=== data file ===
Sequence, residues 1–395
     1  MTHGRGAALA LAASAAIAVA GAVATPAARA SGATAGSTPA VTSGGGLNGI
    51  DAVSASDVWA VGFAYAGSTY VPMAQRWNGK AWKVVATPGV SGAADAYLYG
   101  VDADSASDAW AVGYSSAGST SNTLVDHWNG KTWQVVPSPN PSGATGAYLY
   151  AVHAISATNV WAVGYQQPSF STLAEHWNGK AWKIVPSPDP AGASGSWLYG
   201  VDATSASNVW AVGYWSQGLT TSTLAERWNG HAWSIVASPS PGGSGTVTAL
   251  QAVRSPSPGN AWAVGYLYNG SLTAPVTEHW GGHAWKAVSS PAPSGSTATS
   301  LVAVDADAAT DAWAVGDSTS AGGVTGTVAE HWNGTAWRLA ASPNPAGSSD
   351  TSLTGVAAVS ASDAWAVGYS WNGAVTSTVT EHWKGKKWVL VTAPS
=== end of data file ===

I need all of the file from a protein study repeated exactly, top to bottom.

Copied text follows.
Sequence, residues 1–395
     1  MTHGRGAALA LAASAAIAVA GAVATPAARA SGATAGSTPA VTSGGGLNGI
    51  DAVSASDVWA VGFAYAGSTY VPMAQRWNGK AWKVVATPGV SGAADAYLYG
   101  VDADSASDAW AVGYSSAGST SNTLVDHWNG KTWQVVPSPN PSGATGAYLY
   151  AVHAISATNV WAVGYQQPSF STLAEHWNGK AWKIVPSPDP AGASGSWLYG
   201  VDATSASNVW AVGYWSQGLT TSTLAERWNG HAWSIVASPS PGGSGTVTAL
   251  QAVRSPSPGN AWAVGYLYNG SLTAPVTEHW GGHAWKAVSS PAPSGSTATS
   301  LVAVDADAAT DAWAVGDSTS AGGVTGTVAE HWNGTAWRLA ASPNPAGSSD
   351  TSLTGVAAVS ASDAWAVGYS WNGAVTSTVT EHWKGKKWVL VTAPS